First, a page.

Cookouts and conversations

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Thursday event part of effort to ‘activate’ eastern half of city
 
COVINGTON, Ky. – The City’s economic development team is packing up and moving its operations to Austinburg Neighborhood Park on Thursday for a cookout and conversations it hopes lead to something big: Increased business activity, jobs, and local investment in an area it calls “the Eastern Corridor.”
 
“Covington is riding a huge wave of momentum right now, and we want to make sure all communities benefit from the energy we’re seeing in the downtown core right now,” Economic Development Director Tom West said. “But that will take focused engagement within the community.”
 
The boots-on-the-ground approach is a function of the overall goal: The City wants to empower and enable entrepreneurs, existing commercial property owners, and others within the community so they benefit first-hand from the new investment and jobs.
 
The cookout starts about noon and will include hot dogs, drinks, music, and cornhole.
 
But the “conversations” will – hopefully – last all day. From 8 a.m. to 5 p.m., tables will be staffed by members of the Economic Development Department and of the City’s partner in the initiative, the non-profit community organizer called The Center for Great Neighborhoods of Covington. The park is at 15th Street and Eastern Avenue.
 
“We’re inviting everyone – neighborhood businesses, entrepreneurs, owners of vacant commercial properties, community stakeholders – to come out and hear about City programs, tools, and resources that can help them fix up their property, get their property rented, assist their business, or bring amenities to the neighborhood,” Assistant Economic Development Director Ross Patten said.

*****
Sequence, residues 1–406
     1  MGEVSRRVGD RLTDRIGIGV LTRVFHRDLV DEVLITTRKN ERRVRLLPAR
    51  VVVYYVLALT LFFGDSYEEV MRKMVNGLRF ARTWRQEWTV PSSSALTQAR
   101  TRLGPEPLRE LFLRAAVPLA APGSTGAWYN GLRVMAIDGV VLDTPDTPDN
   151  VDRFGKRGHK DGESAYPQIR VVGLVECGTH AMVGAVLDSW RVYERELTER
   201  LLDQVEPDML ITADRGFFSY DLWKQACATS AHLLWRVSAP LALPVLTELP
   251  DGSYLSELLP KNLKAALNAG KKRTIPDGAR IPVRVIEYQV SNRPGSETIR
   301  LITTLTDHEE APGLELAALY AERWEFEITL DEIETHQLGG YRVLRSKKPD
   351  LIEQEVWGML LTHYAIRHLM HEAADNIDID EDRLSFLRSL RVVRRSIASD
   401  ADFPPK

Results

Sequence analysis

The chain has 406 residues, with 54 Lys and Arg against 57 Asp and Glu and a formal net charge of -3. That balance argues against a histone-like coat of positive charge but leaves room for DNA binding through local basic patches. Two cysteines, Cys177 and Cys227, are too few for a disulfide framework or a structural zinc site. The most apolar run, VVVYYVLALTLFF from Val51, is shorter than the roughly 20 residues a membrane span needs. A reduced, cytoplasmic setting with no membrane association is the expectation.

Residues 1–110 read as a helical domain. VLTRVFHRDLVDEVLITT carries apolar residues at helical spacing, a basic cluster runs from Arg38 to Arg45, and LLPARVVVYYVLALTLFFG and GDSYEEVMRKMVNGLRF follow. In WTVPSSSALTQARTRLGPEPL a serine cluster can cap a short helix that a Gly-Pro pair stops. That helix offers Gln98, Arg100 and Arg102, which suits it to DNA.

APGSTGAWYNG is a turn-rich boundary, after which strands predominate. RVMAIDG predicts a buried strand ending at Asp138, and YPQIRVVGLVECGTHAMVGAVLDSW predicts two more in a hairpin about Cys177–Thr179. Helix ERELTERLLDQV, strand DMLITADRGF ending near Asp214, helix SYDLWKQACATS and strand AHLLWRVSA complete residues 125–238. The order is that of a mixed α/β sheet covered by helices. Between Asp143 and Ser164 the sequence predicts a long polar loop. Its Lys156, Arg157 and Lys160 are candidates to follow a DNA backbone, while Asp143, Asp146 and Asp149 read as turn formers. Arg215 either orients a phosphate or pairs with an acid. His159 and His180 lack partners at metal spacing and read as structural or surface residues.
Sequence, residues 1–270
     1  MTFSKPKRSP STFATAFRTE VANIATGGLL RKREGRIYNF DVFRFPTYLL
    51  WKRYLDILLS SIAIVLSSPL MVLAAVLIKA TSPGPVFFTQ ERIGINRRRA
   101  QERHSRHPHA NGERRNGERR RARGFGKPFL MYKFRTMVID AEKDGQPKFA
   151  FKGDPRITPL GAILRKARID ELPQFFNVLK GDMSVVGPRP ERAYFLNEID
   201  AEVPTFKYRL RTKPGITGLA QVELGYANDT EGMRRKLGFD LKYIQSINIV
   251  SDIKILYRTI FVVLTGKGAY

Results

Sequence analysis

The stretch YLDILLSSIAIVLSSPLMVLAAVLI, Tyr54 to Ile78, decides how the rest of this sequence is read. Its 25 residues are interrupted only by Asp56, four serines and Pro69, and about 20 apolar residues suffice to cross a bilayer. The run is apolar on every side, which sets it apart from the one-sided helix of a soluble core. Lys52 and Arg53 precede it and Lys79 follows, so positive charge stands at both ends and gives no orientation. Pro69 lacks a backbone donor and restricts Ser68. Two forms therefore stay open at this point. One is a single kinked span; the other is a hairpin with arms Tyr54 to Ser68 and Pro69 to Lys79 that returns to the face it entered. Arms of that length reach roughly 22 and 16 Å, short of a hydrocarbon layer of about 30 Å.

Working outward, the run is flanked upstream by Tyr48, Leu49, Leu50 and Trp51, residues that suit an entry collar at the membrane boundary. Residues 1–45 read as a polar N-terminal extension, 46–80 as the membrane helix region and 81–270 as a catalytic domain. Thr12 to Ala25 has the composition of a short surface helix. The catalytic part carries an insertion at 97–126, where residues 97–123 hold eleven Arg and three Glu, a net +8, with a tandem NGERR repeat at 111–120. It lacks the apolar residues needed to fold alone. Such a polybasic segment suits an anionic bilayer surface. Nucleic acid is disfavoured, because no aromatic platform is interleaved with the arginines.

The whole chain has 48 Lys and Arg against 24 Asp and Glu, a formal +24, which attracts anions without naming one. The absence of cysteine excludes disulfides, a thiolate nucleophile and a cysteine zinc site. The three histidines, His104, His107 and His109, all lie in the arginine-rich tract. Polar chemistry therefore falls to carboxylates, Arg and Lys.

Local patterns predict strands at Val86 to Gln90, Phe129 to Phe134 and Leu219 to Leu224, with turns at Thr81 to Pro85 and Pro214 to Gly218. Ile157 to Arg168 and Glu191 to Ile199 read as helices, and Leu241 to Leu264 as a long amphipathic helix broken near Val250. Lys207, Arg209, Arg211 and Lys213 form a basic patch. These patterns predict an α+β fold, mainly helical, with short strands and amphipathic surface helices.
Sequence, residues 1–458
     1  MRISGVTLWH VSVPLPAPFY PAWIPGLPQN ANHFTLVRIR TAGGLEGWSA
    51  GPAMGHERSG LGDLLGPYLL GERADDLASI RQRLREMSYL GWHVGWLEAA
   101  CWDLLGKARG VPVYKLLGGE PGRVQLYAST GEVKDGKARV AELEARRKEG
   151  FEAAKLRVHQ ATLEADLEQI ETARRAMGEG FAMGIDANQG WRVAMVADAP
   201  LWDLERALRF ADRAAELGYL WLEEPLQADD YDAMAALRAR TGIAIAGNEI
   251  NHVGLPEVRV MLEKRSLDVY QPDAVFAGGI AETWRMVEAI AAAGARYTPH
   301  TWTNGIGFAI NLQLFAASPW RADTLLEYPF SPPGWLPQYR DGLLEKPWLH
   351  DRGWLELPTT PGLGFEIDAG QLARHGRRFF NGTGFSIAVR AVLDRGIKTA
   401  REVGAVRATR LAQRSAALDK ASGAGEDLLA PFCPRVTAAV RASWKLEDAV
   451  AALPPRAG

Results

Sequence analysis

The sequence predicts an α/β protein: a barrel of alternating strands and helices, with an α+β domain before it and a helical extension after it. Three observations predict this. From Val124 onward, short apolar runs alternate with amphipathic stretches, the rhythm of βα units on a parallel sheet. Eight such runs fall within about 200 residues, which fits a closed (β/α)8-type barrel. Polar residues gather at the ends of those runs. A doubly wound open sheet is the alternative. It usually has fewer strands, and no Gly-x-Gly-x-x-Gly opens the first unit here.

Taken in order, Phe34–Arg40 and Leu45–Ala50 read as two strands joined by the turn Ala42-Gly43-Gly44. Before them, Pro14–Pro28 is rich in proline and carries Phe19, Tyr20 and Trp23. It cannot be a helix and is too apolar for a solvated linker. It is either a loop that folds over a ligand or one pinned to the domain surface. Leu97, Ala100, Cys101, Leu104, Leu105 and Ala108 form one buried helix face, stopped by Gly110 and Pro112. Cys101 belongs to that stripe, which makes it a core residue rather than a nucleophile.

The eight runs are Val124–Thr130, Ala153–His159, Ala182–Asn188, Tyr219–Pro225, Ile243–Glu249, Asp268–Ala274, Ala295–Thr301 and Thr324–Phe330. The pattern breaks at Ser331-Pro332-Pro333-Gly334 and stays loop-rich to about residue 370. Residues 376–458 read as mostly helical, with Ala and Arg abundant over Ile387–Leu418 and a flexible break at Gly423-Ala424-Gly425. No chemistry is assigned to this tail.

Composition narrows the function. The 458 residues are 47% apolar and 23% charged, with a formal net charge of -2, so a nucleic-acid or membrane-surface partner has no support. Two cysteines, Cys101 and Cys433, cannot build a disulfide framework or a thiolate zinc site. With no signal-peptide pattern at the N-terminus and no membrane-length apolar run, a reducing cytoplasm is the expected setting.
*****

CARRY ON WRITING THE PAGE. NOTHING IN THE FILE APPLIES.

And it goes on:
“These things take a long time, redevelopment projects always do, but we want this to be an engaging process,” he added. “A lot of our growth has been very grassroots, that’s the cool part about Covington – we want to work with anyone who wants to make improvements to their property and do good stuff.”
 
The Eastern Corridor
The all-day Thursday event builds upon a larger initiative to bring energy, jobs, and opportunities to the Eastern Corridor – a loosely defined area bounded by Bush Street to the north, 21st Street to the south, Madison Avenue to the west, and the Licking River to the east. It includes all or part of four neighborhoods: Austinburg, Eastside, Helentown, and Wallace Woods.
 
It’s an implementation of an “activation plan” West presented to the Covington Board of Commissions earlier this summer to turn the City’s attention southward toward the Eastern Corridor.
 
Downtown Covington, largely north of 12th Street, has been fertile ground for businesses and investments and has seen robust development.
 
Patten says there are numerous reasons for that growth: “You have more real estate products, anchors, location, and amenities,” he said. “From an economic development standpoint, we’ve pushed the needle forward and the private sector is making projects happen there.”